And thus the Hummingbird Project’s third initiative, the Cleveland Seed Bank, was born. In 2012 Marilyn attended seed school at Native Seeds/SEARCH in Tucson, Arizona. (“Over five days, I learned so much more about how to save seeds and what is happening to our seed supply,” she says.) Then, in early 2013, the couple drove 10 hours to Heritage Farm to learn all they could about establishing a seed bank. “We got a tour of every nook and cranny of Seed Savers Exchange, and it was so empowering,” says Marilyn. “We thought, we have a phone number and an e-mail from someone at at Seed Savers—we can do this with that lifeline.”
So they did. Later that year, Chris and Marilyn piloted seed libraries at five branches of the Cleveland Public Library. In 2016 they added two more at libraries just beyond the city limits. Through the Cleveland Seed Bank, patrons “check out” seed packets from the library, plant the seeds in their garden, and nurture the fruits or vegetables to maturity. Then they save seeds from their plants and “return” a packet to the library at the end of the season.
The seed bank also has an online presence, where seed savers can post the seeds they have—and those for which they are looking—and then swap with other members. “We call ourselves the Cleveland Seed Bank, but we say that the actual bank of seeds is in the farms and fields and gardens of our members,” says Chris. “We have had more than 500 people sign up for our online exchange, and that is helping to bring seed saving back into the hands of the people.”
Saving seeds, explains Marilyn, helps build seed resiliency at the community level to withstand the risk of disease or climate change wiping out an entire crop. “I’ve been asked so often what one person can really do to combat climate change,” she says. “And I always reply that we have a beautiful, powerful, and achievable solution, and that is to start saving seeds.”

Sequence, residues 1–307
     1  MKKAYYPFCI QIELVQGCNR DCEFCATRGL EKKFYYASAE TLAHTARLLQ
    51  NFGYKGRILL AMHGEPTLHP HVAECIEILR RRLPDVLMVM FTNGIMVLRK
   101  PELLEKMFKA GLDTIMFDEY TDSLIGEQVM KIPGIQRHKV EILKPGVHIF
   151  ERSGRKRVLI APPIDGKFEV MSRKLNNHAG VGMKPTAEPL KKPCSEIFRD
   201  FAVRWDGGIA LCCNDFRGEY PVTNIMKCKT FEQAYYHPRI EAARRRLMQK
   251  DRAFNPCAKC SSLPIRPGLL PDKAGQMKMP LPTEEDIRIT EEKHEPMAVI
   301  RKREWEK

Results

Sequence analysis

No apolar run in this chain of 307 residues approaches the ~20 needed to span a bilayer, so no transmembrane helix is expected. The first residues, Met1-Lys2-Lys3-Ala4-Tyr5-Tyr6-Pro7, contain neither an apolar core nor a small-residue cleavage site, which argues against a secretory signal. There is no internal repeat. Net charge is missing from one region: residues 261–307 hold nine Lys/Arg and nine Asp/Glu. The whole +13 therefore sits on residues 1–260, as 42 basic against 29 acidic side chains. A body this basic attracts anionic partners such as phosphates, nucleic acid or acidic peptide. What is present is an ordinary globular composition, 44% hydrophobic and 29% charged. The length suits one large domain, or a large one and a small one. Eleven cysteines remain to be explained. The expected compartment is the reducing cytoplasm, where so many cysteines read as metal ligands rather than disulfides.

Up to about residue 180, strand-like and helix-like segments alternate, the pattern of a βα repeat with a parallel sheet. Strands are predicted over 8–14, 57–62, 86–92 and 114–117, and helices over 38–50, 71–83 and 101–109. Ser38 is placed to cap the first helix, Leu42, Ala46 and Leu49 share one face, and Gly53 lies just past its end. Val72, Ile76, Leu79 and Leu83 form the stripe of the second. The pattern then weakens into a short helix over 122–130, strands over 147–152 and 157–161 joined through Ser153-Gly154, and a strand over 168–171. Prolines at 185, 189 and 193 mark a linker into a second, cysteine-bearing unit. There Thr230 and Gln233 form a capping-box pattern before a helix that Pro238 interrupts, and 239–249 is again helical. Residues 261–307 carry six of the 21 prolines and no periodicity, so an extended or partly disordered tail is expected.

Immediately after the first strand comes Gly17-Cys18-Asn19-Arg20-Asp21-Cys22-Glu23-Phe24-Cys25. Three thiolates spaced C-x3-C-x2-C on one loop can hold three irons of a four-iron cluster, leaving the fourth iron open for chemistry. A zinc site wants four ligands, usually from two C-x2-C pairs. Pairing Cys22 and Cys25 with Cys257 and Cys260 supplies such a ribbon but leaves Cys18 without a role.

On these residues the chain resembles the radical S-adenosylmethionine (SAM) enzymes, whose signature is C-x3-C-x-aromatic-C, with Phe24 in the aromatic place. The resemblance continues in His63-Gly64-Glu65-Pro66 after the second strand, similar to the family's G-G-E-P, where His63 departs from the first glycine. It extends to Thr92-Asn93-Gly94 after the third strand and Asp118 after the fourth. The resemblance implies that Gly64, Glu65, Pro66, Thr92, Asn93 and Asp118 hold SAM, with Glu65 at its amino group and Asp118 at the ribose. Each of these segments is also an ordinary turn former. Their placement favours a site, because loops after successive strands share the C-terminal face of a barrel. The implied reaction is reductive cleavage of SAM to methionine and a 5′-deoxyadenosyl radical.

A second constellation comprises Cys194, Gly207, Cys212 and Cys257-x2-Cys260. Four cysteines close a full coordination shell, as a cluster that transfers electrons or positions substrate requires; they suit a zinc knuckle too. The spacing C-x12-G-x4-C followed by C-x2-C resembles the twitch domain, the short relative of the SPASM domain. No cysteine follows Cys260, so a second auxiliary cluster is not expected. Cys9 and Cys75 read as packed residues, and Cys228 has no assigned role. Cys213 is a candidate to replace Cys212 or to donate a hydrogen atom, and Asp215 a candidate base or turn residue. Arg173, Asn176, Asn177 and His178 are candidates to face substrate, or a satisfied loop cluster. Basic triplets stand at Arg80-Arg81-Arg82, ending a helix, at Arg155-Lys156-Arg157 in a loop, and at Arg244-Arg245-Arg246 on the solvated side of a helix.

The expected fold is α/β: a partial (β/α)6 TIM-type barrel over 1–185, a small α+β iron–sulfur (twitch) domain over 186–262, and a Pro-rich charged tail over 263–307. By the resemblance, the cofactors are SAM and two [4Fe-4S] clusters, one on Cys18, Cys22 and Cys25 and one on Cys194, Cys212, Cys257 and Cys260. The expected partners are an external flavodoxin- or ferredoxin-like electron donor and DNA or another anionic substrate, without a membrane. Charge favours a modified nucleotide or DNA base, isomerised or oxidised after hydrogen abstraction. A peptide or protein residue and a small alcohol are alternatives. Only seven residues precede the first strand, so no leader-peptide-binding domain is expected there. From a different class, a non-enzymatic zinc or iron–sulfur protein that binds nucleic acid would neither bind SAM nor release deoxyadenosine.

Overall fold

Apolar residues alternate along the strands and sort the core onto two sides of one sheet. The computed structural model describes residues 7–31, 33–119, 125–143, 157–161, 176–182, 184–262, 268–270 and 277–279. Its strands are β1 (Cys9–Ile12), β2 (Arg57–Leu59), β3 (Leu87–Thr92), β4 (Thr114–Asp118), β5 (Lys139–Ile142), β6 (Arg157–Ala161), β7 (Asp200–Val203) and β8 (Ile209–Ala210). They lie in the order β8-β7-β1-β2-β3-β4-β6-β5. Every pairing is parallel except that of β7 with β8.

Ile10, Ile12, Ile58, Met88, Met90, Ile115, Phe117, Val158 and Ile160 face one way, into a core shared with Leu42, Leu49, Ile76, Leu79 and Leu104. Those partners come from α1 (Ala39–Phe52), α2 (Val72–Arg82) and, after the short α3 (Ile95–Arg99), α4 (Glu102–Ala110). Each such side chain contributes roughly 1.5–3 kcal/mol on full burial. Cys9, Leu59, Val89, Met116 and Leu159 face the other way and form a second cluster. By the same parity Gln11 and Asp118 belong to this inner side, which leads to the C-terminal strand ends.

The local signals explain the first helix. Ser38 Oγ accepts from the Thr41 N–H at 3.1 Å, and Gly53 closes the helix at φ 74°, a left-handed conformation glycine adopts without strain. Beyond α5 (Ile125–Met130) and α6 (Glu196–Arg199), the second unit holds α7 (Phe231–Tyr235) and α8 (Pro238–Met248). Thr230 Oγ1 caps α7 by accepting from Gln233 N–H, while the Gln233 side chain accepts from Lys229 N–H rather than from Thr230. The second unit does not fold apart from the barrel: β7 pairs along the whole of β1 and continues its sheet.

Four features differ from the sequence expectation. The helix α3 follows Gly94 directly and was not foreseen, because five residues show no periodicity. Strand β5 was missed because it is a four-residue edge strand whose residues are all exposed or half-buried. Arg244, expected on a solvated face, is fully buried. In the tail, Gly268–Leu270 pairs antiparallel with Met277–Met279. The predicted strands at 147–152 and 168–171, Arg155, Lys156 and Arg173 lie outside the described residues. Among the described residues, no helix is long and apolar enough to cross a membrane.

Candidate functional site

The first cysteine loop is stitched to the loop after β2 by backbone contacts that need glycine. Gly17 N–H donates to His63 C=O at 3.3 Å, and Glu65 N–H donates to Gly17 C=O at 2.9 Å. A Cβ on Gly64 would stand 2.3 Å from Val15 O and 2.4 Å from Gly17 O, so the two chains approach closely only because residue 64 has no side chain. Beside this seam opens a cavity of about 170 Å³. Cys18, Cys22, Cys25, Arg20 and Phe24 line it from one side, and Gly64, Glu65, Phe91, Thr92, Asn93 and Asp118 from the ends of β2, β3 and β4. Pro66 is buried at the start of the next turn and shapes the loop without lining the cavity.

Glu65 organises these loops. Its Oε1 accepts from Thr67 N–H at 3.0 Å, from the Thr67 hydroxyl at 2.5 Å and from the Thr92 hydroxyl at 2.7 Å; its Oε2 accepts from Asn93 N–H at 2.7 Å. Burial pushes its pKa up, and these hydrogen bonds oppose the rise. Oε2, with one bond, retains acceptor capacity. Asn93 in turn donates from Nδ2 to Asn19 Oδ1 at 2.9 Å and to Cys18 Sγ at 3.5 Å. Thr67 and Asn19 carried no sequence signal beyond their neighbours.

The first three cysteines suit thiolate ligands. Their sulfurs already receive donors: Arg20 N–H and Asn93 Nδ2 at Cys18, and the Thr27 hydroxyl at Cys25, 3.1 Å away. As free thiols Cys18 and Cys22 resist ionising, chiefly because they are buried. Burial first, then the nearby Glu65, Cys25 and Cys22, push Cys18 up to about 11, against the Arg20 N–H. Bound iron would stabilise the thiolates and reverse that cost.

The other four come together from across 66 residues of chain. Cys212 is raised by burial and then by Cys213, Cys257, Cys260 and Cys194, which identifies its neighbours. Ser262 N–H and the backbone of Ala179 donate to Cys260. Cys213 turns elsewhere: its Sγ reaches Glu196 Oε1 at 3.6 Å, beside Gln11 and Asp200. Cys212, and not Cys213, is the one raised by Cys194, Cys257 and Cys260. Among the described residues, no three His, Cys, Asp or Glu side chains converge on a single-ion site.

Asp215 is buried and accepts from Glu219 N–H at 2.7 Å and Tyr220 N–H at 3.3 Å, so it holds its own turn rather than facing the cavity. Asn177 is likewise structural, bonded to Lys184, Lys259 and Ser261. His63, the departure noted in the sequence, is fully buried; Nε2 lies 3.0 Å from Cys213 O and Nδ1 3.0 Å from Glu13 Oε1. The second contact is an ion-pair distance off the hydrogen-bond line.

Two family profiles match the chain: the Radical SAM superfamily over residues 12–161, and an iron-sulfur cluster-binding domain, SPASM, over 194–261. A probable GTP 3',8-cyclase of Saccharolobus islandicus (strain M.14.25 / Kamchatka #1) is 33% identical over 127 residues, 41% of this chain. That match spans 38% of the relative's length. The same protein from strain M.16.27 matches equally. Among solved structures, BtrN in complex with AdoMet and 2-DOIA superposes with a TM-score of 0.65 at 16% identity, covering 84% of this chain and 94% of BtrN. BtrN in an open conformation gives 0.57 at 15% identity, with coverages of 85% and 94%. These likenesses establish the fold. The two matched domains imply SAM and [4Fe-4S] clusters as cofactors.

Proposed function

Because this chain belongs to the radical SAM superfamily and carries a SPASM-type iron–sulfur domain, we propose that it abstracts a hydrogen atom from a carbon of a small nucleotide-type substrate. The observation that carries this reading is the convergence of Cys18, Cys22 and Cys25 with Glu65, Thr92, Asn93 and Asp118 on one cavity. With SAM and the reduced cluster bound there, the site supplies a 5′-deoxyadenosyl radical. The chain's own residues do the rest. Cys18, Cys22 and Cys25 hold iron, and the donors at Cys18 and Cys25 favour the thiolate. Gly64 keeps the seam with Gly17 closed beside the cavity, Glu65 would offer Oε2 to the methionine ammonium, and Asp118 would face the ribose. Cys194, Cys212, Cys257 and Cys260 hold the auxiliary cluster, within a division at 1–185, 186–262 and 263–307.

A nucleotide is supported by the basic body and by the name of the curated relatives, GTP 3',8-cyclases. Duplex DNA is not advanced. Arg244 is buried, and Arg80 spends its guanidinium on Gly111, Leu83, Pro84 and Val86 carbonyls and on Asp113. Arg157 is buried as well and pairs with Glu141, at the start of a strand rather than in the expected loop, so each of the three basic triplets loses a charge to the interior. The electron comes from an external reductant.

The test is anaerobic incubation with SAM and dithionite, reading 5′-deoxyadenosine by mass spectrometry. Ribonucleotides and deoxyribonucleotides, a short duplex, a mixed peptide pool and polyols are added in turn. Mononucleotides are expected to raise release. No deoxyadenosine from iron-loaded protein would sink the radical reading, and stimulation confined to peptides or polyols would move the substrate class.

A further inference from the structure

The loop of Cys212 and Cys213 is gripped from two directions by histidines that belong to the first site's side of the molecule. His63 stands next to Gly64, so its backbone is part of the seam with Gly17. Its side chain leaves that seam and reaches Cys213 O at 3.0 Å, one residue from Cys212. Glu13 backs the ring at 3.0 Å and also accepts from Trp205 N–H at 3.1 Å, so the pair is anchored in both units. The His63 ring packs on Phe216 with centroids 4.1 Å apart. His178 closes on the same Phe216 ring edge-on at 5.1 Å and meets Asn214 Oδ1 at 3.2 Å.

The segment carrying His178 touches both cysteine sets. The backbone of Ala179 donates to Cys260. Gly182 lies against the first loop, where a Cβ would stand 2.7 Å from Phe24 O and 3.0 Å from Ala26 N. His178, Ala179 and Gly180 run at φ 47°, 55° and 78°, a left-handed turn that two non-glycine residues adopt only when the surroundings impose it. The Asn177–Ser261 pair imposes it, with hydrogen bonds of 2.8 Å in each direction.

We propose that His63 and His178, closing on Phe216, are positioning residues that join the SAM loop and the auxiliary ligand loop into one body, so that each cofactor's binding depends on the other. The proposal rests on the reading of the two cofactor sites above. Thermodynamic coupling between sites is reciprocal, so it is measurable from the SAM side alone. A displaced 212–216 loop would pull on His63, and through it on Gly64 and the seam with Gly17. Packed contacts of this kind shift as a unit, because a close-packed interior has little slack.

Recently the Cleveland Seed Bank added its first (part-time) employee to help manage the seed bank’s daily operations so Chris and Marilyn can focus their efforts on grant writing, fundraising, communication, and education for all three Hummingbird Project initiatives. (“Marilyn’s more the big-picture thinker, and I’m more the action guy,” Chris says when asked about the division of labor.) They continue to travel to India every year and Kenya every other year—and see the next logical step for the local seed bank as acquiring some land where they can grow out seeds for their seed libraries and seed swaps and conduct educational workshops. It’s tiring work, but also fulfilling, and that’s what helps keep them going.
“There’s not an indigenous culture of seed saving in Cleveland so sometimes people still look at us like we are the craziest people in the world,” says Chris. “But that’s OK—we know we are making a difference, and it just feels like we are on the right side of history doing what we’re doing.”